Traffic safety citizenship is an emerging approach to reduce serious injuries and fatalities on our roadways. The International Journal of Interdisciplinary Civic and Political Studies recently published “The Role of Social Capital in Traffic Safety Citizenship” by Kari Finley, Jay Otto, and Nic Ward of the Center for Health and Safety Culture. The journal article describes their study to develop a model to identify beliefs and values associated with intention to engage in traffic safety citizenship behaviors with strangers and to explore the role of an individual’s perception of social capital in this model. This study focused on two safety citizenship behaviors: intervening as a driver to ask a passenger to wear a seat belt and intervening as a passenger to ask a driver to stop reading or typing on a cell phone while driving.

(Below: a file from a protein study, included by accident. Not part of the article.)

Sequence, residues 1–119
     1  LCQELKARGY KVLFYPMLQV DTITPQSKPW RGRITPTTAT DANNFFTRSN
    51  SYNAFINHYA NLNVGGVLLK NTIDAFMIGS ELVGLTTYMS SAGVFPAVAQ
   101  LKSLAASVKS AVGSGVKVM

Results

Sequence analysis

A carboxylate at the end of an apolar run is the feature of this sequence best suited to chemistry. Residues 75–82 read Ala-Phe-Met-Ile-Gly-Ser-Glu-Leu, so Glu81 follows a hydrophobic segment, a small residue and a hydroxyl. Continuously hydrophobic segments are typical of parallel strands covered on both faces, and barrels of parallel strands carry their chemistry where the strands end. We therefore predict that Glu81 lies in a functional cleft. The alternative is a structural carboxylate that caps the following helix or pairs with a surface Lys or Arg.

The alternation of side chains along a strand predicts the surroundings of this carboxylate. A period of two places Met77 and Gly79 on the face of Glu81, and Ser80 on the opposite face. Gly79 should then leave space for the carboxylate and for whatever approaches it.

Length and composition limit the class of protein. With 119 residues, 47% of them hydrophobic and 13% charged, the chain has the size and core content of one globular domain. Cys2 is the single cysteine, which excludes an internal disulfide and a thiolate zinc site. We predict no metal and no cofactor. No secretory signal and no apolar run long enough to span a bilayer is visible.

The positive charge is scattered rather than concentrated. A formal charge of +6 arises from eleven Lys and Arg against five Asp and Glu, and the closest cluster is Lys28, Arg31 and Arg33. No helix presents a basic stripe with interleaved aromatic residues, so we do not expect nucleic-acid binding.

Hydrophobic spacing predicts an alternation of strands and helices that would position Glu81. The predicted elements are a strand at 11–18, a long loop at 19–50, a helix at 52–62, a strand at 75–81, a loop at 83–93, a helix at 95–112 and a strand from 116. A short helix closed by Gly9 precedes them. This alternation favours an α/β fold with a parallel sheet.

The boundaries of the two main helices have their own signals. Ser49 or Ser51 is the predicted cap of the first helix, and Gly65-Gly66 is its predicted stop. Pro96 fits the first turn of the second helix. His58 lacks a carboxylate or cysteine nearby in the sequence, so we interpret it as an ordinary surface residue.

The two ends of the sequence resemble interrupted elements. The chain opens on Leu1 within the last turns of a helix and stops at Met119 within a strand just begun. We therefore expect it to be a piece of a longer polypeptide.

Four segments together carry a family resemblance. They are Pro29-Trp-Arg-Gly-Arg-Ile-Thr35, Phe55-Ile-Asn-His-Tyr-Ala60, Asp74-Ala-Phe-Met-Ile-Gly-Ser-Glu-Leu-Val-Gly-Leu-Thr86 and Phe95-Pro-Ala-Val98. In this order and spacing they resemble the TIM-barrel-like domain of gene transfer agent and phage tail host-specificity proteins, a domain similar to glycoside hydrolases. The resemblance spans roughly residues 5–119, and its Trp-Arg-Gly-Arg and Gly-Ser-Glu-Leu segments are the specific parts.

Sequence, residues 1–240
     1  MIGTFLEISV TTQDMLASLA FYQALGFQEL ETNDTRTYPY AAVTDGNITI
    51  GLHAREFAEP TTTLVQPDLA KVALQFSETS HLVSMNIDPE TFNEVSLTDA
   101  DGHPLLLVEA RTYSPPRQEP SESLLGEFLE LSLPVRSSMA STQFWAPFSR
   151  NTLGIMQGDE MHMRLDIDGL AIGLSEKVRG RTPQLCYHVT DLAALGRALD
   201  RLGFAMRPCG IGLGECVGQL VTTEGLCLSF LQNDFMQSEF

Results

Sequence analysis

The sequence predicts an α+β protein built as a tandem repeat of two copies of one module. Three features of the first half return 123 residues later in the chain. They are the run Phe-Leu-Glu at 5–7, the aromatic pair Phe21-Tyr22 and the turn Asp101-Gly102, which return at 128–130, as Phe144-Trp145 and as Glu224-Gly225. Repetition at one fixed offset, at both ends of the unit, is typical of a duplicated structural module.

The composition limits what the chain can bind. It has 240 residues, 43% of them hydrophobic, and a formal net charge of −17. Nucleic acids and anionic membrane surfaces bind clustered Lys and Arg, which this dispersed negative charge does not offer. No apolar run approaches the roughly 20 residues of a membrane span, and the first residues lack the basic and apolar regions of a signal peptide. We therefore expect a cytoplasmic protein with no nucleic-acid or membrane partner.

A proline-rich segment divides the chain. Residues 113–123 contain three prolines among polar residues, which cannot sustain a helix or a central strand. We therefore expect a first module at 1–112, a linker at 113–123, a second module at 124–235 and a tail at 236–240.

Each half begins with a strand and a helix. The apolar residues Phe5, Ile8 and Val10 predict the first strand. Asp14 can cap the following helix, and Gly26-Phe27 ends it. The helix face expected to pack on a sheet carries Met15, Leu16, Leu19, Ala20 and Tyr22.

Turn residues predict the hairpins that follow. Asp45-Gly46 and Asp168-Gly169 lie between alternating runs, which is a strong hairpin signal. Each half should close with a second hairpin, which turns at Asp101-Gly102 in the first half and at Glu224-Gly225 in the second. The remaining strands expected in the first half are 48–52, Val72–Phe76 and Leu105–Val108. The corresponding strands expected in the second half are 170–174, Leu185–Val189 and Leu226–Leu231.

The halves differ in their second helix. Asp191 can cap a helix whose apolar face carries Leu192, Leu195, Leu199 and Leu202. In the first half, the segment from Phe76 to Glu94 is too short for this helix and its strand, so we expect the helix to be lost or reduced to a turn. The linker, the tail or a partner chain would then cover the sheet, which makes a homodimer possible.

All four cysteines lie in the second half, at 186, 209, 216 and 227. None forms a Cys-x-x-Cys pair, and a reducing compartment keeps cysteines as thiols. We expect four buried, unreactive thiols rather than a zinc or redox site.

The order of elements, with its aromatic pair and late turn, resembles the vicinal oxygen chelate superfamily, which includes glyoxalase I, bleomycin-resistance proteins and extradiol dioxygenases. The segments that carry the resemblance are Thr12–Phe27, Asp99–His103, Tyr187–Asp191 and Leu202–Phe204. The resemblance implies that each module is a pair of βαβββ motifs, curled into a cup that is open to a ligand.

Citation: Finley, Kari, Jay Otto, and Nicholas Ward. 2018. “The Role of Social Capital in Traffic Safety Citizenship.” The International Journal of Interdisciplinary Civic and Political Studies 13 (2): 29-41. doi:10.18848/2327-0071/CGP/v13i02/29-41.